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Single Cone Psychophysics - The Research of Niklas Domdei

Niklas Domdei
Image Niklas Domdei

Introduction

Vision is a human's most important sense - about a third of the cerebral cortex is predominantly devoted to visual processing (Van Essen and Drury, 1997; Van Essen, 2004). Vision starts in the retina, where a mosaic of specialized neurons, the photoreceptor cells, captures light and converts it into internal signals, forming the basis of human visual perception. Two retinal diseases that involve a progressive loss of photoreceptors and concomitant visual impairments are most prominent: age-related macular degeneration and retinitis pigmentosa (Weiland et al., 2011). Despite their incidence, many mechanisms in those diseases and the death of cells and its progression are not well understood. One reason for this disparity lies in limitations inherent to current imaging and function testing technologies that are available to the clinical practice. This gap may be closed with the use of a recent technology, adaptive optics scanning laser ophthalmoscopy (AO-SLO), which enables investigation of human visual perception on a single cell level in vivo, ultimately helping to understand the role of individual cones in visual processing and their fate during disease.

Adaptive optics scanning laser ophthalmoscopy

The first scanning laser ophthalmoscope (SLO) was built by Webb, Hughes and Pomerantzeff in 1980 and regarding to its mode of operation it was termed “flying TV spot ophthalmoscope” (Webb et al., 1980). A cathode ray tube and the SLO have in common that the single frame is generated continuously pixel by pixel and line by line during boustrophedon scanning of a light beam. Due to the continuous movement of the light there is no optical image of the retina at any single moment, like in fundus photography. Instead, a retinal image is assembled based on the temporal video signals of a photomultiplier tube that is located in a retinal conjugate plane. One of the advantages of this technology is high light efficiency compared to conventional imaging systems (Webb and Hughes, 1981), which also provides more comfort and safety for patients and subjects.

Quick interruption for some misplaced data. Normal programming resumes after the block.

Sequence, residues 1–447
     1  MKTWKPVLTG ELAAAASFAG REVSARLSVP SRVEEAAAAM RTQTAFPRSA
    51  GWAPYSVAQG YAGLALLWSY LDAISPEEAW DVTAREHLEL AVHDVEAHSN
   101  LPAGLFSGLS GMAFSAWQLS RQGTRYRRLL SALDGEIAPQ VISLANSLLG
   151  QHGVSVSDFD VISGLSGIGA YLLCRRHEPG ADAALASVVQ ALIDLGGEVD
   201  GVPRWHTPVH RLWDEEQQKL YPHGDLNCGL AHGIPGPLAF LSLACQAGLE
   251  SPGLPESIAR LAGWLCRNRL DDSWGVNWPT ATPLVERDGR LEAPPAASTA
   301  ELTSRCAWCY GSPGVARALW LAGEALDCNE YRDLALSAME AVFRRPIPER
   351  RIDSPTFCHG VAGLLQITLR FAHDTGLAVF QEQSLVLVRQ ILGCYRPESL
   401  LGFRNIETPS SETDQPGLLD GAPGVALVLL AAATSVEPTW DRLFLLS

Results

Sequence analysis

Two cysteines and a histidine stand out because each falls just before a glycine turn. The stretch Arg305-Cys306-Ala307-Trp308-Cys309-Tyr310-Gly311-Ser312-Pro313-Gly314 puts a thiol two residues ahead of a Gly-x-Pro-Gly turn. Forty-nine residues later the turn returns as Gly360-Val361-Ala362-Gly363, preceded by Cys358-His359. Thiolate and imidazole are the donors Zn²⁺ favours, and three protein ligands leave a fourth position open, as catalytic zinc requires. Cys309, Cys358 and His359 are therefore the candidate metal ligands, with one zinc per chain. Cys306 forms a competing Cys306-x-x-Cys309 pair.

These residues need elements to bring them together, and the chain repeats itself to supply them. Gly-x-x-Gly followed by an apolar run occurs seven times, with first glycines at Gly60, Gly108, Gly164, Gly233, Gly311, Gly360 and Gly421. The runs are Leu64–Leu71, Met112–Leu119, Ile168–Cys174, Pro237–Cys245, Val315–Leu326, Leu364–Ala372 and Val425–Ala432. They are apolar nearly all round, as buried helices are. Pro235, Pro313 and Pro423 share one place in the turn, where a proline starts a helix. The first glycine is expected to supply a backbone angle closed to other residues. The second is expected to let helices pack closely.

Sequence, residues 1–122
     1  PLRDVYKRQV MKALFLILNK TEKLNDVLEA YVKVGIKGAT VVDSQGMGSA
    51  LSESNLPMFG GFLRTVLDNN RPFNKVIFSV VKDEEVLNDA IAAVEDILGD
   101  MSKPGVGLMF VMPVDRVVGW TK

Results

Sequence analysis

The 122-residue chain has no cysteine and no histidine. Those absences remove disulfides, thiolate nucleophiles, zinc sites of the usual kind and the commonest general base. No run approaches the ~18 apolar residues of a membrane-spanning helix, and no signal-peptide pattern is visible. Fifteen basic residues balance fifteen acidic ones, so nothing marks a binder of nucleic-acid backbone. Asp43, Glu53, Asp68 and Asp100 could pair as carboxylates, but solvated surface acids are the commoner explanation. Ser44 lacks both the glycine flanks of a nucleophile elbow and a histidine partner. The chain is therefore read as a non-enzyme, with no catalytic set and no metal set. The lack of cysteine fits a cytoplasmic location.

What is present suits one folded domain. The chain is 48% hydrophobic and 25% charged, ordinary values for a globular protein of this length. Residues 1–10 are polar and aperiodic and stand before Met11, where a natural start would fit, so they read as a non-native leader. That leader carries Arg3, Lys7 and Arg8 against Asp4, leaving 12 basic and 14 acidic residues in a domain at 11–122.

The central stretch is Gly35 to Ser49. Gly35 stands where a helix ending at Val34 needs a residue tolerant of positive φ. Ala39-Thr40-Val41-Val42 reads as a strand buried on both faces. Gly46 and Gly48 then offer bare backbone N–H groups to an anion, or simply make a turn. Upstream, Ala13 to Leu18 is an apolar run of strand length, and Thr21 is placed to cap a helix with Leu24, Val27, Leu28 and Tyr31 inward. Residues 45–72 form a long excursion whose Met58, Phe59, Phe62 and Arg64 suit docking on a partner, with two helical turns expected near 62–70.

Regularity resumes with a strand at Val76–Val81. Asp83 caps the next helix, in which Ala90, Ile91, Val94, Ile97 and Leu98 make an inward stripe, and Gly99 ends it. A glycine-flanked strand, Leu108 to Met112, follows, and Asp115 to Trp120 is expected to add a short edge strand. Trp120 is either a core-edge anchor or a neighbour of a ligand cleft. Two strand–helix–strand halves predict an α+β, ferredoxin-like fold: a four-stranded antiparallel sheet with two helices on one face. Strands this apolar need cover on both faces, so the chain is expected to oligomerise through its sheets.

One of the major improvements in retinal imaging came with the development of adaptive optics (AO) for ophthalmoscopy (Liang et al., 1997). Because the eye's optics are generally imperfect, lateral resolution of ophthalmoscopy was limited to the degree that those ocular aberrations impose. Using adaptive optics, a correction of higher-order aberrations of the human eye and therefore high resolution retinal imagery of microscopic structures such as single photoreceptor cells became possible (Roorda, 2011).

AO-SLO as a display

The AO-SLO is an excellent tool for visual psychophysics, because the locus of stimulation can be viewed directly in the retinal image. Functional testing of individual cones is possible by modulating the imaging beam, or a dedicated stimulation beam, to form visual stimuli directly on the subject's retina. This is achieved by high-speed acousto-optic modulation, which turns light on and off fast enough to allow only a fraction of a targeted photoreceptor cell to receive light (Fig. 1). The current hardware implementation allows ~10-bit modulation depth for stimuli, opening a host of stimulus definitions to be rendered for testing. Combined with retinal motion tracking, the AO-SLO makes psychophysical testing of single cone photoreceptors and studying their contribution to visual perception possible (Harmening et al., 2014).